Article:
A formal complaint was recently filed with the FCC by the Electronic Privacy Information Center against Facebook, claiming that when the social media giant conducted a psychological research study back in 2012, they did it without the consent of their users.

The complaint states that “The company purposefully messed with people’s minds,” and went on to say that “At the time of the experiment, Facebook did not state in the Data Use Policy that user data will be used for research purposes.”

The complaint also said that users were not informed by Facebook that researchers would have access to their personal information (The original story, and more information, can be found here).

Facebook, not surprisingly, responded immediately to the complaint, saying that “When someone signs up for Facebook, we’ve always asked permission to use their information to provide and enhance the services we offer.”

Forbes magazine however pointed out that, while their policy might permit Facebook to do it now, back in 2012 when the study actually took place their Data Used Policy didn’t cover their study or its “emotion manipulation”.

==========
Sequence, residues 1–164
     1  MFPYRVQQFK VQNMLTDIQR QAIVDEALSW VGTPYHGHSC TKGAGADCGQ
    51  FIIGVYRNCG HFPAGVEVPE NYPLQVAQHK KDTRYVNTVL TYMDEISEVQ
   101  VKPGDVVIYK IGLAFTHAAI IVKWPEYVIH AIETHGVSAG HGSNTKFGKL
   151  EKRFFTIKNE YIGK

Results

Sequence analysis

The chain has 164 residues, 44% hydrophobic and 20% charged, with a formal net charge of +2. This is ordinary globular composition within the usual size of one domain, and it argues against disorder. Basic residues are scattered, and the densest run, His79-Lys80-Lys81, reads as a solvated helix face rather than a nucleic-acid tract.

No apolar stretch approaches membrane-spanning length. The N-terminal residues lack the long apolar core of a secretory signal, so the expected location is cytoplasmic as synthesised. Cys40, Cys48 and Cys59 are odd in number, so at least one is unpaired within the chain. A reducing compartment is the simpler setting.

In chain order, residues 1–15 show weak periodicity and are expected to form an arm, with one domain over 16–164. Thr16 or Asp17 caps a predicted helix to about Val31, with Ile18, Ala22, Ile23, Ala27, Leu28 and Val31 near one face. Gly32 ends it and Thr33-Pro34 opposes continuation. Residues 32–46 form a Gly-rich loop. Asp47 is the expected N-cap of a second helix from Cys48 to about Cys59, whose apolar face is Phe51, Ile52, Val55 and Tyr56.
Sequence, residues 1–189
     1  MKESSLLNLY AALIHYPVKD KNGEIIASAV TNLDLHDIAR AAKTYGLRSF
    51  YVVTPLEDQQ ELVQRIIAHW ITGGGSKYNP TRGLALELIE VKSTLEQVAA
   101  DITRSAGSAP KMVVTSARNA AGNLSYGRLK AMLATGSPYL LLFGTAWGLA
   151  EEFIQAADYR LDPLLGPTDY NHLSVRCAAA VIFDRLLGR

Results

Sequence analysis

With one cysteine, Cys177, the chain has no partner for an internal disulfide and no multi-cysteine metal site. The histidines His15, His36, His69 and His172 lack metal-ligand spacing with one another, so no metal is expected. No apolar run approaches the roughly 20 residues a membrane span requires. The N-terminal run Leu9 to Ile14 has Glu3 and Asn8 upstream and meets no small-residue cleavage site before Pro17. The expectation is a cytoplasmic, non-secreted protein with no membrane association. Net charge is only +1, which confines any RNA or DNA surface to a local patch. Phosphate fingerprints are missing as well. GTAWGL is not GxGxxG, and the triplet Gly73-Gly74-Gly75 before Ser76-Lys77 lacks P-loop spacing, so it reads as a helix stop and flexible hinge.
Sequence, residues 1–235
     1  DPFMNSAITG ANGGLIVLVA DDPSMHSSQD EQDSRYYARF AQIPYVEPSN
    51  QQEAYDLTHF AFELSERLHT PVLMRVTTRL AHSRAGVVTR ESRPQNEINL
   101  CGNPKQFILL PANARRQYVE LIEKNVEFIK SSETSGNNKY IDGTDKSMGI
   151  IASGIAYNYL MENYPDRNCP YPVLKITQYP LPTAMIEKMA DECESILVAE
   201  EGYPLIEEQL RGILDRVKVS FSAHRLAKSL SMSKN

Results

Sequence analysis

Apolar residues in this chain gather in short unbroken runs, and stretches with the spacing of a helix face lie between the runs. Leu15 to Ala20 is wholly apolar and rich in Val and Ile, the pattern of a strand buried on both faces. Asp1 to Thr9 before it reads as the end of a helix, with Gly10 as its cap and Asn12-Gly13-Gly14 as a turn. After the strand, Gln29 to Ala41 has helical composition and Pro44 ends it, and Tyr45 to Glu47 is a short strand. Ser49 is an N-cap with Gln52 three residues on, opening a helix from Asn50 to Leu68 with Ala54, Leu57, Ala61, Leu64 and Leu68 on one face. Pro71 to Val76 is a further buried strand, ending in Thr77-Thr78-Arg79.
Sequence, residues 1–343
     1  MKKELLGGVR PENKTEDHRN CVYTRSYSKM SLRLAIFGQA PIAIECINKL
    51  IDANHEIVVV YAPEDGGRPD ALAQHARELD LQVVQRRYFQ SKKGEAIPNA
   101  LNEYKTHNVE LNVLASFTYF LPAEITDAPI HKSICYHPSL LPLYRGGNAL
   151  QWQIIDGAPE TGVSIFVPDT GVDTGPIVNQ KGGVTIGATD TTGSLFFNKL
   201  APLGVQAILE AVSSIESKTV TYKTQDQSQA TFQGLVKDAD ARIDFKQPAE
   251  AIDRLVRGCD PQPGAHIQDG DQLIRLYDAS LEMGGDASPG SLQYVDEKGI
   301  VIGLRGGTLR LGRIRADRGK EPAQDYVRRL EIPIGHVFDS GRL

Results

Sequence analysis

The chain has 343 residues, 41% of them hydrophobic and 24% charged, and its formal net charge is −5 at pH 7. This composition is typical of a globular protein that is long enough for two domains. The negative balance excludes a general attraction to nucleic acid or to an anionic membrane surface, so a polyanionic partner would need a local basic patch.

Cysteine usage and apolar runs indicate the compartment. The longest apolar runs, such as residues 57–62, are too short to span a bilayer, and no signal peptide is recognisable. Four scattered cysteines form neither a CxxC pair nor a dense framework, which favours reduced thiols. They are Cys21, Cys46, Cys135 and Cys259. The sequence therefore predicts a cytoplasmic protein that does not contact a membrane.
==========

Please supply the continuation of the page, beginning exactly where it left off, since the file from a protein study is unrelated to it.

Facebook believes that they were in the right, saying in effect that it’s normal for companies who want to improve their services to use any information that their customers might provide. In the UK however, the social media giant is already in hot water over the psychological experiment.

In fact, Facebook seems to be changing their tune, going from rather dismissive at first to having their COO, Sheryl Sandberg, apologized to the media recently.

Interestingly, Adam Kramer, one of the authors of the study, was quoted as saying that “the research benefits of the paper may not have justified all the anxiety.”

For Facebook however, the anxiety, and possible legal ramifications, might just be beginning.